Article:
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Tuesday, September 29, 2020

Activities & Organizations

Student skydiver dives into contest


UH student Simon Palacio and his team of skydiving athletes for Skydive Houston practice for competition in an indoor wind tunnel, shown above in Colorado. | Courtesy of Simon Palacio

Electrical engineering senior Simon Palacio, along with his team, competed in the vertical formation skydiving event at the annual U.S. Parachute Association National Skydiving Championships last week in Chicago.

Over 500 aerial athletes competed at the event. Palacio’s event in the competition — vertical formation skydiving — involves a team of four competitors building a series of formations in upright and upside-down vertical body positions.

The skydivers are assigned three to four vertically-oriented formations per round. The goal is to build the formations as many times as possible from the time the team exits the aircraft to 35 seconds into the dive. The competition consists of eight rounds.

“Skydiving makes me feel liberated and free,” Palacio said. “It has changed my life and brought me so many opportunities that I cannot imagine my life without.”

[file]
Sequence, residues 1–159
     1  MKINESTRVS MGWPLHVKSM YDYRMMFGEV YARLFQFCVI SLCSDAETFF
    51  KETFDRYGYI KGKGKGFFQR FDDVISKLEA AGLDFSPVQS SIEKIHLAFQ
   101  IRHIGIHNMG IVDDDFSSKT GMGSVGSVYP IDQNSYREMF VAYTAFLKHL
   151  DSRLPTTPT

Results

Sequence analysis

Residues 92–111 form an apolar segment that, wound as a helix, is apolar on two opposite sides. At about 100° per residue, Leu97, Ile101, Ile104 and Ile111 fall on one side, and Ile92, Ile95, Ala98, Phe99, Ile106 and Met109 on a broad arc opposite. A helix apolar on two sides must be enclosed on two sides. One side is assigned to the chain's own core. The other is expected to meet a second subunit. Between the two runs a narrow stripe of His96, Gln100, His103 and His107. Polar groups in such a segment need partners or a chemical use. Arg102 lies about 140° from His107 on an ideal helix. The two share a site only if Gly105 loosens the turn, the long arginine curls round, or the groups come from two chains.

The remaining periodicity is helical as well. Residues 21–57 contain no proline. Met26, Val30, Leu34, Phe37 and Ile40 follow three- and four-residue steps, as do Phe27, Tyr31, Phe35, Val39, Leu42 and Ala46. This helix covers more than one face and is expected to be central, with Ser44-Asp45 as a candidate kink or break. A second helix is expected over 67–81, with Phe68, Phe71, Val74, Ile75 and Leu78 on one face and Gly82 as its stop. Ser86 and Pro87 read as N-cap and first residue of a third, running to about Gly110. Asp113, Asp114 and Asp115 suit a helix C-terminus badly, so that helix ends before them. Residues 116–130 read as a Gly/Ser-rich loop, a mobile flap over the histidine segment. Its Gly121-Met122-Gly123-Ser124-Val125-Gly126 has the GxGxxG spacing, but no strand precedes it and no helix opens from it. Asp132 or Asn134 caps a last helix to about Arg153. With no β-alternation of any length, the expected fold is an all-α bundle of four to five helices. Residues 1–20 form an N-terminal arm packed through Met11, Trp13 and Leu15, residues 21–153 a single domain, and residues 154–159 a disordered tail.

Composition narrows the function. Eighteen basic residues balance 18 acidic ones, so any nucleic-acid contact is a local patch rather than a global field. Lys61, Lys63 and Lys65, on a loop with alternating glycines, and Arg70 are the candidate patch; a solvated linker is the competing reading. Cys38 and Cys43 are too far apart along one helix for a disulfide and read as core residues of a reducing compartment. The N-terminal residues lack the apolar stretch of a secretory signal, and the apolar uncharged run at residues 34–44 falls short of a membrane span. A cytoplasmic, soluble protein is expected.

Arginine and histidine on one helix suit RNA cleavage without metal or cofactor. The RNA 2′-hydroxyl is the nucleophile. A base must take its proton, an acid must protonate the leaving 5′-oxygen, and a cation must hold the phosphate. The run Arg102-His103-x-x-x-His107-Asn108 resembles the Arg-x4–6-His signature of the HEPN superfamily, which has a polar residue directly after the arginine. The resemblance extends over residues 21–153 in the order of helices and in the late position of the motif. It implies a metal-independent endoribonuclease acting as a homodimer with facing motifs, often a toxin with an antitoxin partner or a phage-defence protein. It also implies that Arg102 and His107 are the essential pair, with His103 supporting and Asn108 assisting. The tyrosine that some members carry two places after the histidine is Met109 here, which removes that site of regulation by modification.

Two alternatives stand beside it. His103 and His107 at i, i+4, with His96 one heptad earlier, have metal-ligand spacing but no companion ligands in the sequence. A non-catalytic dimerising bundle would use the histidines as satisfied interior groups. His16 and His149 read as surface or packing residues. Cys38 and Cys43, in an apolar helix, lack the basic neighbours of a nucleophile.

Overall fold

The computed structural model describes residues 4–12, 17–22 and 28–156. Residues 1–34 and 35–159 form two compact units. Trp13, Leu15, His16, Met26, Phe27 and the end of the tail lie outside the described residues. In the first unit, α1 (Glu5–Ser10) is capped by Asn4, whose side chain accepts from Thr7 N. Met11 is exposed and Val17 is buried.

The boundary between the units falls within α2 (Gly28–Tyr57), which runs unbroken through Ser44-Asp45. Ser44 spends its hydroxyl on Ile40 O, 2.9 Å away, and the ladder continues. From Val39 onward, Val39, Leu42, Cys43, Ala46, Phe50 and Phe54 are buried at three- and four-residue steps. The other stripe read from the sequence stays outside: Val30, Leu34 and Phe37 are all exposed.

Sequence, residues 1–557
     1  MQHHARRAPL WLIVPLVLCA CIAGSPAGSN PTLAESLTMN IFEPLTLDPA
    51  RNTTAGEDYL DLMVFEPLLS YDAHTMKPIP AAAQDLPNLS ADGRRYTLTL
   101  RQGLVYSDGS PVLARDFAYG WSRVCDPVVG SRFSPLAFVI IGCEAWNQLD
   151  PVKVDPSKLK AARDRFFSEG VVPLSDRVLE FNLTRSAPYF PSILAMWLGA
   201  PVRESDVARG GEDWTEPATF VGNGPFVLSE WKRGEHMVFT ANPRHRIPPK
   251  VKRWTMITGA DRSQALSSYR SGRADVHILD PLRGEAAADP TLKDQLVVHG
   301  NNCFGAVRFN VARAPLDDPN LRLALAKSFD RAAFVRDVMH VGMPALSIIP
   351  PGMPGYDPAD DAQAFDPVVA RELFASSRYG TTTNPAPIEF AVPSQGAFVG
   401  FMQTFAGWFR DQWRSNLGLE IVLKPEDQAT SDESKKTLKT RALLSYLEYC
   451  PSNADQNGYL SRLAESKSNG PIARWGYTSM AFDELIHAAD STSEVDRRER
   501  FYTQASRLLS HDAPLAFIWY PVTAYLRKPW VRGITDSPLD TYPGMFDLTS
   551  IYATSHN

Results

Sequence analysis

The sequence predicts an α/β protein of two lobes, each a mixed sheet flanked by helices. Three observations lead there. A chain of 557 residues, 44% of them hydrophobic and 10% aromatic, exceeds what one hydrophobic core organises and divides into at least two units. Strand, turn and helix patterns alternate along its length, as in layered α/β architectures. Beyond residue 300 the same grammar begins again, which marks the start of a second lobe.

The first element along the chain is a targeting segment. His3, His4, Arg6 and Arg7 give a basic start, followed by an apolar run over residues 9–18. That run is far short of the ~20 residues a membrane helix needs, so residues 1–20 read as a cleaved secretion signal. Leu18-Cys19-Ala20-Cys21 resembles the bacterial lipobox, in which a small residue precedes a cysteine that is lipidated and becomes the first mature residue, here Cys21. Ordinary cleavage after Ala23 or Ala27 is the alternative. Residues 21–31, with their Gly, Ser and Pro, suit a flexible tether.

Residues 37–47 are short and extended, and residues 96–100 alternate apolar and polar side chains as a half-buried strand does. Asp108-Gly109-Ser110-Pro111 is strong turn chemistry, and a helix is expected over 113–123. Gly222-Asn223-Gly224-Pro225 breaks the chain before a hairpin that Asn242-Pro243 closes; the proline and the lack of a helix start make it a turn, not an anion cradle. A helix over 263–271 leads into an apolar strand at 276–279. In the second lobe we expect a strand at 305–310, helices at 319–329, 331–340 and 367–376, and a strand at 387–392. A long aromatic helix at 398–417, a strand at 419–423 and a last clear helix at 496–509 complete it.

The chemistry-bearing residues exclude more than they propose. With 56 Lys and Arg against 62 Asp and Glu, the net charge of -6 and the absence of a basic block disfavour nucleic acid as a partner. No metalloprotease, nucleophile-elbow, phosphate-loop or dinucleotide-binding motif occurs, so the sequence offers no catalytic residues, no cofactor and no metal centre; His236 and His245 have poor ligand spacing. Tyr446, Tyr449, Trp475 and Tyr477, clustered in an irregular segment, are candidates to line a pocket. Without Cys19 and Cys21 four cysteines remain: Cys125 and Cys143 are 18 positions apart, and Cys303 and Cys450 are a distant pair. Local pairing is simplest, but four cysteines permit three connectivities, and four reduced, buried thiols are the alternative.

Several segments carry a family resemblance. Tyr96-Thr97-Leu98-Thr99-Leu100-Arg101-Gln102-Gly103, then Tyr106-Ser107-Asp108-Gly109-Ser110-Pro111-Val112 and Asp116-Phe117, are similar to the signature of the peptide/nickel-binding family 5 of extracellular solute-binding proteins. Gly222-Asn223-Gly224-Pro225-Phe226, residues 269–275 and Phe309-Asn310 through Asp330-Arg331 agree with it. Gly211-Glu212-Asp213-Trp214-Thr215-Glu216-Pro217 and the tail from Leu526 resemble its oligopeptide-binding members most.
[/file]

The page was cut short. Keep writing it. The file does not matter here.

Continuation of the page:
Skydive Chicago previously hosted the event in 2007; Houston hosted the event for the first time in 2009 at Skydive Spaceland — the reason Palacio became involved with skydiving competitions to begin with.

“Since the event was in my own backyard and I had become a talented skydiver, some friends and I decided we would not pass up the opportunity to put a team together and compete,” Palacio said.

That year Palacio’s team competed in two events and took the silver medal in each.

“Bringing national competition into my hobby has changed the sport for me for the better, and now I want to train and compete each year,” he said.

This year Palacio’s team finished in fourth place, after North Carolina took a narrow lead in the second to last round of the competition. Utah came in first place, Illinois came in second and North Carolina came in third.

“Taking this hobby has brought more gratification to my life than any other thing I have ever been exposed to,” Palacio said.

In seven years of skydiving, Palacio has done about 2,800 jumps and became a multi-rated skydiving instructor in 2006.

Palacio and his team hope to compete in the next USPA national competition in October 2011 at Skydive Arizona in Eloy, Ariz.

“Now that Nationals are completed for the year,” Palacio said, “I’ll be around doing a lot more teaching this fall at Skydive Houston in Waller and will be more than happy to help fellow college students become licensed skydivers.”


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